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Lyft forms an autonomous vehicle unit

Lyft forms an autonomous vehicle unit
Lyft is calling its new unit “Level Five,” the industry term for fully autonomous vehicles. (Josh Edelson / AP Images for Lyft)

Lyft said Friday that it is setting up its own unit to develop autonomous vehicle technology, but its approach will be different from other companies and partnerships working on self-driving cars.

The San Francisco-based ride-hailing service says it will open its network, inviting automakers and tech companies to use it to haul passengers and gather data. It may even share computer software and sensor technology.

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Raj Kapoor, the company's chief strategy officer, said Lyft is pursuing the open strategy as a way to lead and bring the environmental and safety benefits of autonomous vehicles to market faster. Lyft brings network expertise to the table, he said.

"We believe this is inevitable where the world is going," he said. "We need to be playing this role."

Like other tech companies and automakers, Lyft has established partnerships with companies such as Waymo — the autonomous vehicle operation that belongs to Google’s parent Alphabet Inc. — and with General Motors. It does not want to produce cars, but wants to make a standardized system for use on its network. At first, the network will be open to Lyft's current partners.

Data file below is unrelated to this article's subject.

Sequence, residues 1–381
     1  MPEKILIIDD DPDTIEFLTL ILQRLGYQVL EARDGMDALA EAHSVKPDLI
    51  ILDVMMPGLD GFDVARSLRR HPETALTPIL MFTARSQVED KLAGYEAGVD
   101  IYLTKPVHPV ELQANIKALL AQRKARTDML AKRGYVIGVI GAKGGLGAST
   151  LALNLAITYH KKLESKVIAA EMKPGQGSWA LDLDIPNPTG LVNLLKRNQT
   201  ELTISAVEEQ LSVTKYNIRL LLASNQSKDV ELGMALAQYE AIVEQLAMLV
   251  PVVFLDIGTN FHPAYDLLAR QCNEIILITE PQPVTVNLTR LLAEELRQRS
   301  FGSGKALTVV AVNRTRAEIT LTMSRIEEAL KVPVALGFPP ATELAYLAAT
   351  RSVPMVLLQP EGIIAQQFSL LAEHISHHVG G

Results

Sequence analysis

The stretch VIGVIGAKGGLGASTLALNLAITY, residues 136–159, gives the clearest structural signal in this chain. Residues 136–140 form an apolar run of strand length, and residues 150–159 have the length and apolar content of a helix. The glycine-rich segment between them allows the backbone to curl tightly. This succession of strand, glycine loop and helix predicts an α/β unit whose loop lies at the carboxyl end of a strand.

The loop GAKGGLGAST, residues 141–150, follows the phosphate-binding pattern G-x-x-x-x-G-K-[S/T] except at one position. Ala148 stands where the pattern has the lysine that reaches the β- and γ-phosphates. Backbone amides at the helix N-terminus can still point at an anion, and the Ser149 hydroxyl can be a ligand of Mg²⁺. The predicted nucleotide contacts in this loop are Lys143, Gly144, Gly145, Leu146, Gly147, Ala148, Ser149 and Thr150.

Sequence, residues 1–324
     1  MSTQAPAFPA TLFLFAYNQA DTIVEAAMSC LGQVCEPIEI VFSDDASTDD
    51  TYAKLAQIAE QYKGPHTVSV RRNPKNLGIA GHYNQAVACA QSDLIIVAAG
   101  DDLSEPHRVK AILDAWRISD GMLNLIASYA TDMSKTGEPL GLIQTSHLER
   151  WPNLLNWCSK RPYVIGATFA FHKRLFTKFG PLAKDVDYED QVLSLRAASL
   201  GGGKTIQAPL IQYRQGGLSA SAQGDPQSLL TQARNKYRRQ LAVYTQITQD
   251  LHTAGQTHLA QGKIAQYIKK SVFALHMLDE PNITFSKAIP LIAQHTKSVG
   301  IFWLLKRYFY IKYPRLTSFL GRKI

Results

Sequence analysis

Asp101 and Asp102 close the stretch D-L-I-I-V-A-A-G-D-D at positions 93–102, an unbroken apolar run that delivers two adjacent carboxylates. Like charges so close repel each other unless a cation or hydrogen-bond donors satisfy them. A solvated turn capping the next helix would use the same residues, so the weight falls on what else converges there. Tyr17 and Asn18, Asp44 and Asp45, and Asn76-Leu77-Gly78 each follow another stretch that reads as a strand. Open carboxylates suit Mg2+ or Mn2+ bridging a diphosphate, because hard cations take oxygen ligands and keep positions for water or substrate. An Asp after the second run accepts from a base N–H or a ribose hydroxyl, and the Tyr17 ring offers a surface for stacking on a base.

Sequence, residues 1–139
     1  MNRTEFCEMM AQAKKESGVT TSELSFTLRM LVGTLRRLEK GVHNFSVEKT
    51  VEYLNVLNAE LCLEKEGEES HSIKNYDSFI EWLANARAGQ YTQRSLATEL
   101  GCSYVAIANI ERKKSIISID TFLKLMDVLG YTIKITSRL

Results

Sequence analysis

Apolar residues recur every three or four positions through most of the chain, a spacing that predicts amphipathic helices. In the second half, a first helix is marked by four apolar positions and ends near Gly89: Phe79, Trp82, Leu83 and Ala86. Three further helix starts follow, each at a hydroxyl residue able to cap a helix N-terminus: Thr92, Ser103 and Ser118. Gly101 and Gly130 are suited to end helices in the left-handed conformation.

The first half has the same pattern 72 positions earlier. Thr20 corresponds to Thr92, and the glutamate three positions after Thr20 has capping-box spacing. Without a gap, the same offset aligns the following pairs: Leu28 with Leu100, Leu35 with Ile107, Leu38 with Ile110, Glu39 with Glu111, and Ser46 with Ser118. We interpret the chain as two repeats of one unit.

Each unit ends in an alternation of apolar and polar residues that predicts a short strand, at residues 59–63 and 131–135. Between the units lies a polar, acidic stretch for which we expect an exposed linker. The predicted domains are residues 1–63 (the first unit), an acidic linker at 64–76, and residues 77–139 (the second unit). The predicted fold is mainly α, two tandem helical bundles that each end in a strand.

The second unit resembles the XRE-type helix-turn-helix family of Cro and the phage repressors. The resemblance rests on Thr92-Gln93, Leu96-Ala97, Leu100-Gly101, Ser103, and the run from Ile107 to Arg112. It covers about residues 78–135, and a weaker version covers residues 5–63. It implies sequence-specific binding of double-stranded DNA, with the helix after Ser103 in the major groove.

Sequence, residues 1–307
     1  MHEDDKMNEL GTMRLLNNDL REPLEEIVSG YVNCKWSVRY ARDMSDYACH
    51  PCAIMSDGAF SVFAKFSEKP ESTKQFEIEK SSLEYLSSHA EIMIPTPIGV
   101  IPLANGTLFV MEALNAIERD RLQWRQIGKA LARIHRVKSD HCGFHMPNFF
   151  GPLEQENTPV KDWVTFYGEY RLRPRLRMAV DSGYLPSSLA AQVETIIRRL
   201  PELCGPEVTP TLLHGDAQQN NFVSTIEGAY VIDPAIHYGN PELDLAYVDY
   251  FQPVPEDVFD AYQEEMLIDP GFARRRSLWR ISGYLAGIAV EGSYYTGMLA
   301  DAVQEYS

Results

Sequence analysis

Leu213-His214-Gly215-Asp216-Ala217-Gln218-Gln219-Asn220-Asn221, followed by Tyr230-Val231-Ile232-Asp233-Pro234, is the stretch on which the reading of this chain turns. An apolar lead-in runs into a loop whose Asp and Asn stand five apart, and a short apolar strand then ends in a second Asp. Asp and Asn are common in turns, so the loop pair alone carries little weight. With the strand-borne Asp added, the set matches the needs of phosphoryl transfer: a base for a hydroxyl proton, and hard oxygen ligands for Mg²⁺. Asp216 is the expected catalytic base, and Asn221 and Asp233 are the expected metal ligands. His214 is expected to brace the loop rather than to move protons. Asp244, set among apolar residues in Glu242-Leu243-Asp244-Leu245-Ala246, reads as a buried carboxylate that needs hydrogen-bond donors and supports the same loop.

Just how it would make money off the system is yet to be determined, but it probably would take a cut of passenger fares from everyone who uses its network or shares its system.

For example, GM, which has invested $500 million in Lyft, would be invited to run its own autonomous vehicles on Lyft's network. Data gathered by GM and vehicles from other companies would be used to help build high-definition maps that are needed for the vehicles to navigate streets worldwide. The data also would be used to develop computers that would make decisions to run the autonomous vehicles.

Lyft is calling its unit "Level Five," the industry term for fully autonomous vehicles. It expects to have several hundred employees working on the vehicles in Palo Alto by the end of 2018.

The company, which carries passengers in 350 cities worldwide, said that even when autonomous vehicles are in operation, it still will have humans in the driver's seat. In many places, detailed maps won't be available to guide the autonomous vehicles, so humans still will be needed.

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